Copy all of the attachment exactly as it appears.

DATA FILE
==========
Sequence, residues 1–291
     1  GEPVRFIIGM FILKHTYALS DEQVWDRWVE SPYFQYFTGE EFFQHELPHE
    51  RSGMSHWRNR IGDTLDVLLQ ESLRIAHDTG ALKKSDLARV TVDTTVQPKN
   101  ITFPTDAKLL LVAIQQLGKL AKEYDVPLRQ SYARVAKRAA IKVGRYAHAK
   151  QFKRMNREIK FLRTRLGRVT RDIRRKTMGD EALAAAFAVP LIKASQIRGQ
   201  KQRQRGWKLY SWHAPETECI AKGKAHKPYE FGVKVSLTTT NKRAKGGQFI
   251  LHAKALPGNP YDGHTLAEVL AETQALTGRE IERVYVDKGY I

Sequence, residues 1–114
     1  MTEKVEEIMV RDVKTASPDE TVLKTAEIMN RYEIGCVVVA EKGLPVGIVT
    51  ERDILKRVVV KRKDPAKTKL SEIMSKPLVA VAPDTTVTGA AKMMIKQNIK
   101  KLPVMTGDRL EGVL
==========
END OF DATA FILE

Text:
Sequence, residues 1–291
     1  GEPVRFIIGM FILKHTYALS DEQVWDRWVE SPYFQYFTGE EFFQHELPHE
    51  RSGMSHWRNR IGDTLDVLLQ ESLRIAHDTG ALKKSDLARV TVDTTVQPKN
   101  ITFPTDAKLL LVAIQQLGKL AKEYDVPLRQ SYARVAKRAA IKVGRYAHAK
   151  QFKRMNREIK FLRTRLGRVT RDIRRKTMGD EALAAAFAVP LIKASQIRGQ
   201  KQRQRGWKLY SWHAPETECI AKGKAHKPYE FGVKVSLTTT NKRAKGGQFI
   251  LHAKALPGNP YDGHTLAEVL AETQALTGRE IERVYVDKGY I

Sequence, residues 1–114
     1  MTEKVEEIMV RDVKTASPDE TVLKTAEIMN RYEIGCVVVA EKGLPVGIVT
    51  ERDILKRVVV KRKDPAKTKL SEIMSKPLVA VAPDTTVTGA AKMMIKQNIK
   101  KLPVMTGDRL EGVL